I have a Python application which needs quite a few (~30) configuration parameters. Up to now, I used the OptionParser class to define default values in the app itself, with the possibility to change individual parameters at the command line when invoking the application.

Now I would like to use 'proper' configuration files, for example from the ConfigParser class. At the same time, users should still be able to change individual parameters at the command line.

I was wondering if there is any way to combine the two steps, e.g. use optparse (or the newer argparse) to handle command line options, but reading the default values from a config file in ConfigParse syntax.

Any ideas how to do this in an easy way? I don't really fancy manually invoking ConfigParse, and then manually setting all defaults of all optinos to the appropriate values...

up vote 60 down vote accepted

I just discovered you can do this with argparse.ArgumentParser.parse_known_args(). Start by using parse_known_args() to parse a configuration file from the commandline, then read it with ConfigParser and set the defaults, and then parse the rest of the options with parse_args(). This will allow you to have a default value, override that with a configuration file and then override that with a commandline option. E.g.:

Default with no user input:

$ ./argparse-partial.py
Option is "default"

Default from configuration file:

$ cat argparse-partial.config 
[Defaults]
option=Hello world!
$ ./argparse-partial.py -c argparse-partial.config 
Option is "Hello world!"

Default from configuration file, overridden by commandline:

$ ./argparse-partial.py -c argparse-partial.config --option override
Option is "override"

argprase-partial.py follows. It is slightly complicated to handle -h for help properly.

import argparse
import ConfigParser
import sys

def main(argv=None):
    # Do argv default this way, as doing it in the functional
    # declaration sets it at compile time.
    if argv is None:
        argv = sys.argv

    # Parse any conf_file specification
    # We make this parser with add_help=False so that
    # it doesn't parse -h and print help.
    conf_parser = argparse.ArgumentParser(
        description=__doc__, # printed with -h/--help
        # Don't mess with format of description
        formatter_class=argparse.RawDescriptionHelpFormatter,
        # Turn off help, so we print all options in response to -h
        add_help=False
        )
    conf_parser.add_argument("-c", "--conf_file",
                        help="Specify config file", metavar="FILE")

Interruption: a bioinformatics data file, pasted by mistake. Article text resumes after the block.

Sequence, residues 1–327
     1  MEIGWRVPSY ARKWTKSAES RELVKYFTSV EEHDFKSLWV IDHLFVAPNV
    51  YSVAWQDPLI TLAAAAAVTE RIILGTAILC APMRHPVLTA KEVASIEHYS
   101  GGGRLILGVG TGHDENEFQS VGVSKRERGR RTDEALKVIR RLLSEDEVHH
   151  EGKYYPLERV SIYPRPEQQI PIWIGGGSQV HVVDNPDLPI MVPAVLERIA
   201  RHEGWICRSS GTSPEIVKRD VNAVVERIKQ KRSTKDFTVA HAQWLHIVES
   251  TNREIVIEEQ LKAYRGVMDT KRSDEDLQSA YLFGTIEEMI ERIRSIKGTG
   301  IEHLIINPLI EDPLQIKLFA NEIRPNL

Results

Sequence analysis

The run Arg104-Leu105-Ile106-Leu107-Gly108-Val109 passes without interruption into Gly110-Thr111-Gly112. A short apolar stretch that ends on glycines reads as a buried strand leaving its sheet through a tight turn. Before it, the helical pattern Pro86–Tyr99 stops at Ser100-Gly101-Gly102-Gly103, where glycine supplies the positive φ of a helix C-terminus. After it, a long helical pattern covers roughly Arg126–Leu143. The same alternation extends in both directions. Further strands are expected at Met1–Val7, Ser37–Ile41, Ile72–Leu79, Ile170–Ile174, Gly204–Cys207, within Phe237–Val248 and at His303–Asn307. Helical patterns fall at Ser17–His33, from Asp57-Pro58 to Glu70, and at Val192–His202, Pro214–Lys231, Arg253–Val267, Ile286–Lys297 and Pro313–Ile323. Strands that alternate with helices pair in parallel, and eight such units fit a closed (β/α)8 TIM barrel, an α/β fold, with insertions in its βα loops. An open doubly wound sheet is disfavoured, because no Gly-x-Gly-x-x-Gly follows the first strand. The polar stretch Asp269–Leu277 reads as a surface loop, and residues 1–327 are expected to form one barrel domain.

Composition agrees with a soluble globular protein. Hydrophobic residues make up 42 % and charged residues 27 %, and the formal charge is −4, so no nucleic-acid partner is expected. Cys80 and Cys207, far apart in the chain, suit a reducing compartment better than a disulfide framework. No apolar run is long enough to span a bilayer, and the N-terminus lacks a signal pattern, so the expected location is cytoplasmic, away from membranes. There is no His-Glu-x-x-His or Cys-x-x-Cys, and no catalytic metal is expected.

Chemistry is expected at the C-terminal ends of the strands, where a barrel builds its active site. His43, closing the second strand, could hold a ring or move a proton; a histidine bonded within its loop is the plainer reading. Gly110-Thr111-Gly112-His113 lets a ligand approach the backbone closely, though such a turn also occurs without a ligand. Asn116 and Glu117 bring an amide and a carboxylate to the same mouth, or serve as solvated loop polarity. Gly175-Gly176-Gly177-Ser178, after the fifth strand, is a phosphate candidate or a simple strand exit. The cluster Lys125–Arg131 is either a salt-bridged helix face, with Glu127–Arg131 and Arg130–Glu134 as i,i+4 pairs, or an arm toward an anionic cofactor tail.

args, remaining_argv = conf_parser.parse_known_args()

    defaults = { "option":"default" }

    if args.conf_file:
        config = ConfigParser.SafeConfigParser()
        config.read([args.conf_file])
        defaults.update(dict(config.items("Defaults")))

    # Parse rest of arguments
    # Don't suppress add_help here so it will handle -h
    parser = argparse.ArgumentParser(
        # Inherit options from config_parser
        parents=[conf_parser]
        )
    parser.set_defaults(**defaults)
    parser.add_argument("--option")
    args = parser.parse_args(remaining_argv)
    print "Option is \"{}\"".format(args.option)
    return(0)

if __name__ == "__main__":
    sys.exit(main())
  • 11
    I've been asked above reusing the above code and I hereby place it into the pubic domain. – Von Oct 9 '13 at 1:20
  • 14
    'pubic domain' made me laugh. I am just a stupid kid. – Josay Jun 19 '14 at 13:50
  • 1
    argh! this is really cool code, but SafeConfigParser interpolating of properties overriden by command line doesn't work. E.g. if you add the following line to argparse-partial.config another=%(option)s you are cruel then another would always resolve to Hello world you are cruel even if option is overriden to something else in command line.. argghh-parser! – ihadanny Jul 29 '14 at 10:30
  • Note that set_defaults only works if the argument names don't contain dashes or underscores. So one can opt for --myVar instead of --my-var (which is, unfortunately, quite ugly). To enable case-sensitivity for the config file, use config.optionxform = str before parsing the file, so myVar doesn't get transformed to myvar. – Kevin Mar 11 '16 at 11:48
  • 1
    Note that if you want to add --version option to your application, it's better to add it to conf_parser than to parser and exit application after printing help. If you add --version to parser and you start application with --version flag, than your application needlessly try to open and parse args.conf_file configuration file (which can be malformed or even non-existent, which leads to exception). – patryk.beza Apr 19 '17 at 10:50

Check out ConfigArgParse - its a new PyPI package (open source) that serves as a drop in replacement for argparse with added support for config files and environment variables.

  • 2
    just tried it and wit works great :) Thanks for pointing this out. – red_tiger Apr 22 '16 at 13:05
  • 1
    Thanks - looks good! That web page also compares ConfigArgParse with other options, including argparse, ConfArgParse, appsettings, argparse_cnfig, yconf, hieropt, and configurati – nealmcb Jan 20 '17 at 2:18

I'm using ConfigParser and argparse with subcommands to handle such tasks. The important line in the code below is:

subp.set_defaults(**dict(conffile.items(subn)))

This will set the defaults of the subcommand (from argparse) to the values in the section of the config file.

A more complete example is below:

####### content of example.cfg:
# [sub1]
# verbosity=10
# gggg=3.5
# [sub2]
# host=localhost

import ConfigParser
import argparse

parser = argparse.ArgumentParser()
subparsers = parser.add_subparsers()

parser_sub1 = subparsers.add_parser('sub1')
parser_sub1.add_argument('-V','--verbosity', type=int, dest='verbosity')
parser_sub1.add_argument('-G', type=float, dest='gggg')